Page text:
After a string of delays, Blumhouse executive Jason Blum reaffirms plans for a 2025 release date for Jamie Foxx’s long-awaited Spawn reboot.
- Blumhouse executive Jason Blum remains committed to the 2025 release date for the Spawn reboot despite ongoing setbacks and delays.
- The history of Spawn’s troubled development mirrors that of other ’90s comic book movie reboots, including The Crow.
- The anticipated release of Spawn in 2025 could pave the way for a revival of independent comic book movies in a landscape dominated by major labels.
SCREENRANT VIDEO OF THE DAY
SCROLL TO CONTINUE WITH CONTENT
Despite a series of ongoing setbacks, Blumhouse executive Jason Blum has doubled down on the planned 2025 release date for the Spawn reboot starring Jamie Foxx. Based on the supernatural comic book hero created by Todd McFarlane, plans for either a sequel or a big-screen reboot of the property have been languishing in development since the original 1997 movie adaptation with Michael Jai White. In 2017, Blumhouse Productions announced they would be partnering with McFarlane on the Foxx-led reboot; however, the project would go on to repeatedly miss anticipated start dates and face a spate of behind-the-scenes reworkings.
In a recent interview with ComicBook.com, Blum was adamant that audiences would finally get to see the new Spawn movie in 2025, despite the production’s long and troubled history. Blum’s newfound sense of certainty also comes despite additional concerns raised off the back of both the ongoing SAG-AFTRA strike action and Foxx’s own personal health issues. Check out his comments below:
“2025 is when Spawn is going to come out. I stand by that. I stand by that.”
How Spawn’s Troubled Development History Mirrors Another ’90s Comic Book Movie Reboot
While the Marvel Cinematic Universe may have gone on to redefine the place of comic book movies in popular culture with 2008’s Iron Man, it was the 1990s that truly offered a treasure trove of films adapted from smaller, independent comic book titles. Warner Bros. may have been intent on capitalizing on the success of 1989’s Batman with a string of sequels, but other studios began looking at smaller comic labels and would set their sights on titles such as Jamie Hewlett and Alan Martin’s Tank Girl and John Wagner and Carlos Ezquerra’s Judge Dredd.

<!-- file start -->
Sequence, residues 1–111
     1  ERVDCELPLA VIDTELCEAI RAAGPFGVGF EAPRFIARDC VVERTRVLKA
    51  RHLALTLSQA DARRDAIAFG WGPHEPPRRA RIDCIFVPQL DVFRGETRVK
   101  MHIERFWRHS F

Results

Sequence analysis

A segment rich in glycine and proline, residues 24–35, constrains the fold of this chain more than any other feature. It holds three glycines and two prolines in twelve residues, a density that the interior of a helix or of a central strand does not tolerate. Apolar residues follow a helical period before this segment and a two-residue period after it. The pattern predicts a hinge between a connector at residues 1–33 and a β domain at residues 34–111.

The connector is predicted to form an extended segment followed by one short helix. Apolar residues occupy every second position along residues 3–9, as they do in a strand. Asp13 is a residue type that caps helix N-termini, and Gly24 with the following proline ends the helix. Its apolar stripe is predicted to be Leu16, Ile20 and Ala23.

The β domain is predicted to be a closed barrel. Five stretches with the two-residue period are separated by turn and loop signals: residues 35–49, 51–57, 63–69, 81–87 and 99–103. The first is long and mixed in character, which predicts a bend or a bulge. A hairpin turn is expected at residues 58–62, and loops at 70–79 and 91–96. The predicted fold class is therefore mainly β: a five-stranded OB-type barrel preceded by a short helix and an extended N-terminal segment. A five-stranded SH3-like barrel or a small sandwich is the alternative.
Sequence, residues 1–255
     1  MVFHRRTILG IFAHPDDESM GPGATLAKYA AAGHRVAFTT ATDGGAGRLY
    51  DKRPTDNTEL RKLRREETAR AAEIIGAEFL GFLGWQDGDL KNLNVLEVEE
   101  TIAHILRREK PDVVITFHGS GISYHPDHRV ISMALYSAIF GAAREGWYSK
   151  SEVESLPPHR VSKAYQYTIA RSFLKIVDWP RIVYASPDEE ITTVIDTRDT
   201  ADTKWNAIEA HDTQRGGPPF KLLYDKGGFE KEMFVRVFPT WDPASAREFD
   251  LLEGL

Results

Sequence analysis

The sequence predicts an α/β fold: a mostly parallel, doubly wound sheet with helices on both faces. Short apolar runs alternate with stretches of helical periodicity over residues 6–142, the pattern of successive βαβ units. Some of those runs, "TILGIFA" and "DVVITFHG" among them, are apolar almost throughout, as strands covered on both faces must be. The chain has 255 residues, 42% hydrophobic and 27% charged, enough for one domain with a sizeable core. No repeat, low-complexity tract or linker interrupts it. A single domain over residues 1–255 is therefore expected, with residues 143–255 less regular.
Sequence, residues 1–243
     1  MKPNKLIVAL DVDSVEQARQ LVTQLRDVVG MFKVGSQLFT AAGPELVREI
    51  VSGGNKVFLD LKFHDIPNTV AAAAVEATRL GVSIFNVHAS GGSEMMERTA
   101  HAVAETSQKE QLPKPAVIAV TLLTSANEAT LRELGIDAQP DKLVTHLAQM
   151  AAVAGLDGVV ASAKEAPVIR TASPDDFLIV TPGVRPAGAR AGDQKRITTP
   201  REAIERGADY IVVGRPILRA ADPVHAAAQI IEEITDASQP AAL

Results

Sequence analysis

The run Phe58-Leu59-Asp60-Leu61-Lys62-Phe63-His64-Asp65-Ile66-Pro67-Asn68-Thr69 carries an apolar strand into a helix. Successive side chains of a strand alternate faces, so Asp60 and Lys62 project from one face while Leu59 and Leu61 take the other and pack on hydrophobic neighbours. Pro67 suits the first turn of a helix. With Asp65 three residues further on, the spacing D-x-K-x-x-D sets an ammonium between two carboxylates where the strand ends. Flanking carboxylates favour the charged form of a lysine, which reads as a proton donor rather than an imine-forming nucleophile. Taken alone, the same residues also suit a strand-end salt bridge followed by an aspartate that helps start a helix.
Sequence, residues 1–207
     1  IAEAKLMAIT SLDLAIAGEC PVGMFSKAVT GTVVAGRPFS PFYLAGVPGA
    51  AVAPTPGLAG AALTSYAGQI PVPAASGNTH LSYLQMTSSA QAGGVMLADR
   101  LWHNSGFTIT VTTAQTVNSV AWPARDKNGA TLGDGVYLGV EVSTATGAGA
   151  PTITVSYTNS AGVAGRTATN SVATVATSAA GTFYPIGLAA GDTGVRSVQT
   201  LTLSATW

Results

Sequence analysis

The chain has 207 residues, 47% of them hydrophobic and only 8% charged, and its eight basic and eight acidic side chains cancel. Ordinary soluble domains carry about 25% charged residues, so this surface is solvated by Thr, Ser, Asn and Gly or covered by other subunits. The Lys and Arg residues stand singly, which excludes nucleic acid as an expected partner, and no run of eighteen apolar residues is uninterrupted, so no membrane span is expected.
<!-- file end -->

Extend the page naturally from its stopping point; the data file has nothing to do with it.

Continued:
New Line’s original 1997 adaptation of McFarlane’s Spawn was no exception to this trend, and its own release owes much to an earlier comic book adaptation with a similar supernatural origin story, namely the 1994 cult hit The Crow. Strikingly, however, both Spawn and The Crow would go on to share much more in common than simply following the story of a supernaturally resurrected hero. For years both properties have struggled to get a franchise reboot off the ground, facing repeated setbacks and having the projects pass through multiple hands.
Now, with The Crow reboot finally looking to break free from its own troubled history and arrive in theaters sometime in 2024, it seems fitting that Spawn should follow suit and arrive one year later. In a cinematic landscape currently dominated by comic book properties from the industry’s two biggest labels, with any luck, Spawn’s triumphant return to screens in 2025 will continue to sow the seeds for a return of other independent comic book movies to the big screen.